General Question

Yellowdog's avatar

How do I break up with a girlfriend who needs me?

Asked by Yellowdog (4880points) April 20th, 2017

Advice in dealing with her is the reason I joined Fluther about two years ago.

I coaxed this woman out of her shell and did what it takes to get her to fall in love with me, which she did. Even though I was on disability myself, I helped her through homelessness until we finally got a fairly nice apartment together.

I have issues of my own, and am greatly in need of financial solvency again. I am disorganized and unemployed and have done some pretty crazy, radical, unorthodox, and even criminal things (which I am not proud and have regrets) to support myself and her. She has some mental issues—I guess I put up with this for some time because I love her extremely.

She needs me for financial reasons to help pay for a place to live. She needs transportation and me to drive. She even needs me physically and expresses love this way. But after 22 months I am getting my head bit off several times a week and it is becoming evident that this is all the future we have.

I spend every dime I have on her—down to the loose change in my car seats, and provide everything she wants, needs, or craves. She expects me to pay for everything like in a high-end dating relationship whereas I know I have to live poor and find solutions as for how to get by with little or no money. and when I run out of money two weeks before getting paid, she blames ME for not being able to manage money (it all goes to her—I often beg, steal, eat very unorthodox things). I get no benefit from the apartment which I am paying more than 80% for for. I am not allowed to be myself around her because she seems to comprehend only surfacy, mechanical stuff and rebuff my tastes and dreams. She DOES help me stay organized and finds me physically very attractive but that’s about all I get from this relationship.

Leaving is hard because I do love her extremely. But sometimes love isn’t enough. And maybe I’ve even run out of it.

I walked out tonight—after several hours of cold treatment which erupted when it was discovered that I was out of money and will spend the next two weeks penniless (scary, yes)— she is used to ME being the one to pick up the pieces somewhere and by some miracle we get by.

She blames me for a lack of faith and an inability to handle money—again, I spend nothing on myself. And when I start to leave, she faults me for giving up on her and fears being abandoned

She is dependent on me for a car and to help with expenses. But I have no resources and it is just too obvious that she has mental issues and won’t take her meds. I’m unable to continue being rebuffed and trying to live my life alone without her because she can never get ready in time or leave the apartment. She is also completely alone in the world if I leave—she knows NO ONE—absolutely not a soul. But I can’t deal with the shortness and aggression between the few good times. She will be devastated and so will I—but I cannot take any more of this non-relationship and must get out of it. On a pragmatic side, however, she is dependent on me for money and to fulfill my end on contracts (for which she is the only beneficiary), and for transportation.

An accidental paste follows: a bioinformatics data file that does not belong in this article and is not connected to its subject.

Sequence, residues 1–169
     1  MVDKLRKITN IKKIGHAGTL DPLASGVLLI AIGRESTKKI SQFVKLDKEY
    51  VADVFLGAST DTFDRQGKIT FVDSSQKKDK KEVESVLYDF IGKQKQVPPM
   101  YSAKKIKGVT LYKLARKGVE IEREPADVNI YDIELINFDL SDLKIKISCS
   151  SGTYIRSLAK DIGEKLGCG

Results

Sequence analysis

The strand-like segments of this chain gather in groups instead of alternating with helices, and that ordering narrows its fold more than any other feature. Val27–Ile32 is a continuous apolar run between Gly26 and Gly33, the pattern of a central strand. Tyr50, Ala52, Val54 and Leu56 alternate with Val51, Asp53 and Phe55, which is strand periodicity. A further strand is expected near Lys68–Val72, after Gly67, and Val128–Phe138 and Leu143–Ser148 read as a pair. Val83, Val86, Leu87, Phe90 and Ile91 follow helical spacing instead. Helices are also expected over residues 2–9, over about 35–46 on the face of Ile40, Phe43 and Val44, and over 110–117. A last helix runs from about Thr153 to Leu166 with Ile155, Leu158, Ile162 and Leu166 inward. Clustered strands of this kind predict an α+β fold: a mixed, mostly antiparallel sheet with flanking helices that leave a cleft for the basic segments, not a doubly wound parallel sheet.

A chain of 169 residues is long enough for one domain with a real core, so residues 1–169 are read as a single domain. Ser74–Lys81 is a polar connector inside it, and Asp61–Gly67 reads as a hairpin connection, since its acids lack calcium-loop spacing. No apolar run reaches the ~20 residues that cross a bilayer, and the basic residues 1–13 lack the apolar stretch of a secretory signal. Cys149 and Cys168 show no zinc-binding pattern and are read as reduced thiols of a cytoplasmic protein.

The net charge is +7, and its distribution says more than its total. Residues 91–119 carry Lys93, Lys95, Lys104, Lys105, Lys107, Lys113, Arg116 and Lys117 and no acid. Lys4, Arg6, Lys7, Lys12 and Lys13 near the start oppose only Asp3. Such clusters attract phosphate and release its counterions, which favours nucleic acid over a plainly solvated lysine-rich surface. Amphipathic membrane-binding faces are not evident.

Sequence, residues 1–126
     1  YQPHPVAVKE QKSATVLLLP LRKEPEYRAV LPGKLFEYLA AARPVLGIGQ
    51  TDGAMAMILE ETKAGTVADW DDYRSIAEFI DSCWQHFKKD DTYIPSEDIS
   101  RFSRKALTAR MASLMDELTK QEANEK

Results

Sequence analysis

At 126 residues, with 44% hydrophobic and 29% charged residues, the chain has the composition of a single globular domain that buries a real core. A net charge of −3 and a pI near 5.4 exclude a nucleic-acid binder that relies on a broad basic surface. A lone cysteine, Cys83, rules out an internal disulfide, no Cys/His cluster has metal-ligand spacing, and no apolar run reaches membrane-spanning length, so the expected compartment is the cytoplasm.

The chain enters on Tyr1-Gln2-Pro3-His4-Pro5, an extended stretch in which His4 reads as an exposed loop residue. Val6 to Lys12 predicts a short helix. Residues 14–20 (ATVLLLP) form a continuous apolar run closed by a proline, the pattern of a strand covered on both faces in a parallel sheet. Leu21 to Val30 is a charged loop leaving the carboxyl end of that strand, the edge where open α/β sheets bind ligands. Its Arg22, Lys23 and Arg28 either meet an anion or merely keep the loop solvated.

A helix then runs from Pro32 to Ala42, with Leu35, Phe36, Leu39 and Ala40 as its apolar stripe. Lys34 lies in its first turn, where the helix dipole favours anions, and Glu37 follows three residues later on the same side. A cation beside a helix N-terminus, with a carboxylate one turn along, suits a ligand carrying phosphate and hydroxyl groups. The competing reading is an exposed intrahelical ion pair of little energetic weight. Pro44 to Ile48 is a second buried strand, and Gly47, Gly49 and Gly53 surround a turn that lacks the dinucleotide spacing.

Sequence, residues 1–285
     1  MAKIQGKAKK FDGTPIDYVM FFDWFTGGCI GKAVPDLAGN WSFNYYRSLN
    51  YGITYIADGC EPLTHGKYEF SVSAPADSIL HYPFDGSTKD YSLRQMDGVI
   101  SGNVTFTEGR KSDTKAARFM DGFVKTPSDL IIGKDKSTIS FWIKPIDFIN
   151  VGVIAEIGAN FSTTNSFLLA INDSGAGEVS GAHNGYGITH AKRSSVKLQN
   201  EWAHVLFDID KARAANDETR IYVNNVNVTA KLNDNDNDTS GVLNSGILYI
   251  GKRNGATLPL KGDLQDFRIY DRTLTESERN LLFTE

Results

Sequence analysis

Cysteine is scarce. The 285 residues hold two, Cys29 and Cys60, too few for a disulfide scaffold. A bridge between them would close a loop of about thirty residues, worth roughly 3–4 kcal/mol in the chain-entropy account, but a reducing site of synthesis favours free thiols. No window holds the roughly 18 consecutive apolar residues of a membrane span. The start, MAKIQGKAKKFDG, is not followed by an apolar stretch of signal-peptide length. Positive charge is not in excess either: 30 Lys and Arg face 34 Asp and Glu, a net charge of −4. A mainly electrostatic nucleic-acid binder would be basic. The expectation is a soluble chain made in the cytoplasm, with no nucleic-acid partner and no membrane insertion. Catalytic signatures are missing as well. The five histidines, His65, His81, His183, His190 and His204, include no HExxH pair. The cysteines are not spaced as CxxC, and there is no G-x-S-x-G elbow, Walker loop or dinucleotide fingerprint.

Though never really moving out of my young adult years, I am what most would consider middle aged. It may hurt the rest of my life and I may never find love again. But I need to get my life and career on the right track. Still remaining, also, is what do I do about her financial and transportation needs if/when I move on ???

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34 Answers

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JLeslie's avatar

Money troubles are the worst troubles, it causes unbelievable tension.

I really don’t have a grasp of whether your relationship with her is worth working on or breaking up. Only you can decide anyway, even if I did have a grasp.

If I remember right, you’re living with your parents, which means if you’re working, and don’t need to pay them rent, but maybe help with groceries, you should be saving a lot of money. Was it you who asked about buying a couch?

You helped you’re gf, helping her pay bills, with only good intention I’m sure, but is she now set up in an apartment she completely can’t afford? That’s not necessarily helping. Is your name on the lease?

You had a big fight, things might calm down tomorrow and you’ll still be together, but the financial situation does need to be sorted out.

If you want to break up, I think sleep on it, and then tell her you can’t go on like this, and that you’ll give her the usual money next month so she has some time to find a roommate. It’s like severance pay. Is she allowed to have roommate? Is it a one bedroom or two?